Likening them to twins, she says it’s hard to be you and together at the same time. “The challenge for a twin is always to be as much yourself as together, so you don’t want to be too much yourself because then you lose your other part.” Fauna and Flora make this work as one has nature and the other the animals, so they depend on each other. “So, this is a story where we mix both ends – where we mix the floral and the feathers, where we mix the colours of nature, where we have the serpent as well as the flowers, where we have the feathers as well as the flowers, as well as the shells, as well as the birds.”
So, it’s an exuberant paradise story, especially designed so it seems from Gucci and Dolce & Gabbana and Valentino and all the brands that are telling stories, still.
It’s about embroidery and very much embellished materials. We should really venerate these two more because they’re regarded as minor deities, but they’re actually our whole environment. Again, it’s very strange that there are fragrances for Flaura and none for Fauna, she adds.

Mama Ocllo

Mama Ocllo and her brother were sent by their father who is the sun, and mother who is the moon to educate the people of Peru. It’s a sibling archetype where the woman is so close to her brother that she doesn’t need to have any male things in her, so she’s a ‘male-less’ woman so to speak and her relationship with men is almost incestuous or semi-incestuous. “Her brother was sent to do architecture and building, while she was sent to do weaving and clothes making. He made the north of the city, she made the south of the city, like Paris, which is strange because the north of Paris is business and the south of Paris is culture. In Florence, it’s the same.”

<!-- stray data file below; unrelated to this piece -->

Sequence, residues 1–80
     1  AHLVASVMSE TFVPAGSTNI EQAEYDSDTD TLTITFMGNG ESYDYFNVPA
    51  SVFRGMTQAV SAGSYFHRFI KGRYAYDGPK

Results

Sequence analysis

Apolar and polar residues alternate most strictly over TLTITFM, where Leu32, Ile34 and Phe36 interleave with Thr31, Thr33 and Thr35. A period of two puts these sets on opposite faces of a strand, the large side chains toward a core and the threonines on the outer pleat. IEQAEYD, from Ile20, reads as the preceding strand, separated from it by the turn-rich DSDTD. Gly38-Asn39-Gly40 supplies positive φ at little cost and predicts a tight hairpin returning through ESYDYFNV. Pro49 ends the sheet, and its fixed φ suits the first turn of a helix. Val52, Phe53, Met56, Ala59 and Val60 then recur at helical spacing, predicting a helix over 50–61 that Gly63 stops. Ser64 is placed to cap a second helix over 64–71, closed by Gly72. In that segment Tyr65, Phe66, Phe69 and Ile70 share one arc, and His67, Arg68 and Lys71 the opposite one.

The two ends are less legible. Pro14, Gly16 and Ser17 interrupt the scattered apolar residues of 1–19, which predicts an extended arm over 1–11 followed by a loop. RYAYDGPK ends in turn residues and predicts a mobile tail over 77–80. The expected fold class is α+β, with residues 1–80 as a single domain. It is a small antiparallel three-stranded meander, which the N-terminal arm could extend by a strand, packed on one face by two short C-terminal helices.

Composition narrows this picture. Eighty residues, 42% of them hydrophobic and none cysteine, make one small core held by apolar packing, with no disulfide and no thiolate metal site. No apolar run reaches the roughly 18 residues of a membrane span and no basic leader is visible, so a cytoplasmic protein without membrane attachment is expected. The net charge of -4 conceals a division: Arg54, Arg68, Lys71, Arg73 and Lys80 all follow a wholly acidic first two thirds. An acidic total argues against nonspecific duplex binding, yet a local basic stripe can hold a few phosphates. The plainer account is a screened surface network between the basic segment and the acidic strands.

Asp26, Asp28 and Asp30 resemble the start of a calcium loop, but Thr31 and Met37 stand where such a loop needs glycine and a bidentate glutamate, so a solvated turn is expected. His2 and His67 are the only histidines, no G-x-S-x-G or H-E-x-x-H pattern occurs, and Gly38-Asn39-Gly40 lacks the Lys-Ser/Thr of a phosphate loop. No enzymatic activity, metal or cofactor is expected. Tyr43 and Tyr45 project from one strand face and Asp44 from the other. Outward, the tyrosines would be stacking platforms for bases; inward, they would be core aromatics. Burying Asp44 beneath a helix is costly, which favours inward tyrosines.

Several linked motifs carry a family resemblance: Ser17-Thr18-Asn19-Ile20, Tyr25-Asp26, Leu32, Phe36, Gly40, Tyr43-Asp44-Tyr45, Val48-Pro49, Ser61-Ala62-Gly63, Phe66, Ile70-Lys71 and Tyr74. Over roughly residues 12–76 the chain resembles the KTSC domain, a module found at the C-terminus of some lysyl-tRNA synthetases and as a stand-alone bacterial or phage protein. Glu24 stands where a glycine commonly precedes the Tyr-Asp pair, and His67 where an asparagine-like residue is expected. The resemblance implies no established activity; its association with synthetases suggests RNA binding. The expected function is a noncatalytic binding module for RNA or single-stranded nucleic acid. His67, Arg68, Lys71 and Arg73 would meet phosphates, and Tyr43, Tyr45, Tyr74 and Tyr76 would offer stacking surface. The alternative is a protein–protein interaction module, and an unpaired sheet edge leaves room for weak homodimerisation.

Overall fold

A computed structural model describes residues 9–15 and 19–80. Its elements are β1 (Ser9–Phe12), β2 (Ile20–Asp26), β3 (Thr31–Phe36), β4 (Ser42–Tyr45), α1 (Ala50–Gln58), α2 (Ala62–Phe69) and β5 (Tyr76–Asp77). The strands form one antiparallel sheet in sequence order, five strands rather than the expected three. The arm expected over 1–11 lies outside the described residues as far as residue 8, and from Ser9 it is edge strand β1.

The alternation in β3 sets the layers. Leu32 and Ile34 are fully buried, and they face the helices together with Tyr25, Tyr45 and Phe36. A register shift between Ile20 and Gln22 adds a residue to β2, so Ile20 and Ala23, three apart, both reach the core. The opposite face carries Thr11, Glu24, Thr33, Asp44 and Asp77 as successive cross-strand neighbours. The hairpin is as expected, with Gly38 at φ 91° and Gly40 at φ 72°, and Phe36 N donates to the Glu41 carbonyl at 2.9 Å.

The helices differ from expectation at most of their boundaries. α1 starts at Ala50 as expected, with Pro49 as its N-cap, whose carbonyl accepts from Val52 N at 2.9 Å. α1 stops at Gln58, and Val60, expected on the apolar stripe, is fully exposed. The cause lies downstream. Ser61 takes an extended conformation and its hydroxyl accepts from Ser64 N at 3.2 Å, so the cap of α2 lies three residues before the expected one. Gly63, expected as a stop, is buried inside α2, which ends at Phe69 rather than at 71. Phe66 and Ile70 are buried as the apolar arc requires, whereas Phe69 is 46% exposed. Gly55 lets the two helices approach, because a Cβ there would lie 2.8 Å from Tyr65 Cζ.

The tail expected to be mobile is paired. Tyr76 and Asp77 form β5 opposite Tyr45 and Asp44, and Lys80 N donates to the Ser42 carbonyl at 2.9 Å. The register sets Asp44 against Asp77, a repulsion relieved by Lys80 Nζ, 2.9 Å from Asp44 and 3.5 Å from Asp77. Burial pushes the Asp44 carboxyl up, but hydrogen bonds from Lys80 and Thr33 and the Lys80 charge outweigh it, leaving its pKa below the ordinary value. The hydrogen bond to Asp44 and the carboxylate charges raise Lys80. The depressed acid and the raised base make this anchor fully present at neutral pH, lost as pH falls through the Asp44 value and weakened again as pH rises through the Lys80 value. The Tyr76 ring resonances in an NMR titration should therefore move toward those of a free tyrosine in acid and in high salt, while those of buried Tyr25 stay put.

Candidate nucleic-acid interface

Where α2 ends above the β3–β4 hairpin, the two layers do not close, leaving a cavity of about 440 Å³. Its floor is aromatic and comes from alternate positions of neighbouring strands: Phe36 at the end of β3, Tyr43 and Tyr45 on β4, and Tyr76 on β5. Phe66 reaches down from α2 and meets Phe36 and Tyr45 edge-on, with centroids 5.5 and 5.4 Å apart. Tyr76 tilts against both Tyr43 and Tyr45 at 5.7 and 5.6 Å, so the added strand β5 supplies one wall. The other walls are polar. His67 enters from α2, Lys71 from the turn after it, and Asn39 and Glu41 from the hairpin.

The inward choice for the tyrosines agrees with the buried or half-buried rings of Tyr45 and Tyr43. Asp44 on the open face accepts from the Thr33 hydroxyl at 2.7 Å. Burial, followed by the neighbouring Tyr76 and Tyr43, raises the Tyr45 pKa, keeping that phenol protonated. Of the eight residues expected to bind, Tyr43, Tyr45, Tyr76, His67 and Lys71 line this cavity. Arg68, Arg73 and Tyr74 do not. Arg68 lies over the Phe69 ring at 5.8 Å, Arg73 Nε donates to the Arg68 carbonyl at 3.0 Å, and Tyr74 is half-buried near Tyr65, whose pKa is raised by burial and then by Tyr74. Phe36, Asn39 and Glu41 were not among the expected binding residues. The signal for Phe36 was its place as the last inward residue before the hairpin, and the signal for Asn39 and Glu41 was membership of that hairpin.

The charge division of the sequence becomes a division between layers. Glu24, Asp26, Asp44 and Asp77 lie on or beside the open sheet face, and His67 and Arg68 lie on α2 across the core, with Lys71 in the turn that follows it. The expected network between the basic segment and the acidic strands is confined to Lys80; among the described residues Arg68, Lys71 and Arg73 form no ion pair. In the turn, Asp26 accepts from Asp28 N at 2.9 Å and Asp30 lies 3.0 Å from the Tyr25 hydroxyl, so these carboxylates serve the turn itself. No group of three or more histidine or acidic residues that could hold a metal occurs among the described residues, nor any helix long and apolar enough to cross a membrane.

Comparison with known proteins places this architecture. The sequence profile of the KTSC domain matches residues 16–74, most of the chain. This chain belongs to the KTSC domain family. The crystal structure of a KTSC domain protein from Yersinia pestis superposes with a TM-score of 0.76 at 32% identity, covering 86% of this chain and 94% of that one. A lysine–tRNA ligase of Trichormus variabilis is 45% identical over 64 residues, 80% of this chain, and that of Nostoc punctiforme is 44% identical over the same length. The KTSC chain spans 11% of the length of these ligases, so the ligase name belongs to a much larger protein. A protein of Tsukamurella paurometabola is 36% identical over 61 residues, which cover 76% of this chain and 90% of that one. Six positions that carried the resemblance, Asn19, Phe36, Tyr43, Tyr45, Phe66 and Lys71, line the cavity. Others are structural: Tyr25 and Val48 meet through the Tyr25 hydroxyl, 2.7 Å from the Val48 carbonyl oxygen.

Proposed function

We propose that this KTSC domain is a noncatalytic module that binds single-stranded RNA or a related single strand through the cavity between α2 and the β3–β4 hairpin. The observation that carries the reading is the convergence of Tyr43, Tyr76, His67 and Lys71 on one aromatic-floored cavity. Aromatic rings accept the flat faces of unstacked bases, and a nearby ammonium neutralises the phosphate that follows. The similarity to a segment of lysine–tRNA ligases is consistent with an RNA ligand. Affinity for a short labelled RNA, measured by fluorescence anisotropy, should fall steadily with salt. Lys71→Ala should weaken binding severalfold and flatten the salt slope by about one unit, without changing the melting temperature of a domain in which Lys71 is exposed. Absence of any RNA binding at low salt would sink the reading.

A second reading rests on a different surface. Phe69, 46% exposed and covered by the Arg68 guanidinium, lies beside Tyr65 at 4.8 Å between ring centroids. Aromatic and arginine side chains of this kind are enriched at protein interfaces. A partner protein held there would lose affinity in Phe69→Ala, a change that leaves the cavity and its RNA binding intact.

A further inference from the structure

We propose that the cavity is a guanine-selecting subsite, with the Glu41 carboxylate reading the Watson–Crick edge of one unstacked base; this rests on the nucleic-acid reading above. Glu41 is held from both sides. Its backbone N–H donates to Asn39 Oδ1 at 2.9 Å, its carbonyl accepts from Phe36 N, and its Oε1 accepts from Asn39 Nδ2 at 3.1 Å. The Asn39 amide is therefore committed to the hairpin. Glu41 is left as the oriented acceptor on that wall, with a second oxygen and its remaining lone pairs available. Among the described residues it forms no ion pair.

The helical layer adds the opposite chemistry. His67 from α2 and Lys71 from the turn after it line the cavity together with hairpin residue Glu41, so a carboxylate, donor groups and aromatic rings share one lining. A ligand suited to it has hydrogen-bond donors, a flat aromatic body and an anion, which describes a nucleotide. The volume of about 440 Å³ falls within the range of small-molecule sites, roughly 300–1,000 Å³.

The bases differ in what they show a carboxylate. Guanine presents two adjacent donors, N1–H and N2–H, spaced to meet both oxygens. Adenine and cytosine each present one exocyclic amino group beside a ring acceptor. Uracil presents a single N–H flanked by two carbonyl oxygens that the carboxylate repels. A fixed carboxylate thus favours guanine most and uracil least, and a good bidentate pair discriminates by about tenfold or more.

So, this is about weaving, hand-weaving, folklore, it’s about feathers, and natural dyes and indigoes and bright colours, and every big volume in the skirt using multi-material – very cool I think and certainly the revival of weaving, which is a big thing in society.


Edelkoort tells this African narration: “Adoma was born so beautiful – a sort of Beyoncé I imagine – that she doesn’t want to marry. Then there’s a big party where the boys are choosing the girls and so the girls go to the river and then they take the girls on the boat to an island. So she goes to the river and there’s nobody to get her because she decided not to marry. So she’s standing there in all her beauty like an idiot and she’s sort of wondering, ‘What now?’, and then comes a crocodile and the crocodile gives her his back and she steps on the back of a crocodile because he is going to bring her to the party. But before he takes her under the river where she is made beautiful, even more so by all the fish and crustaceans and the crocodiles – they do her hair, they do her bijou, they do her clothes, and so then he brings her to the island and she’s so extremely beautiful and everybody is in awe and forgives her that she does not want to marry and she’s the attraction of everybody, girls and boys and animals and so on.”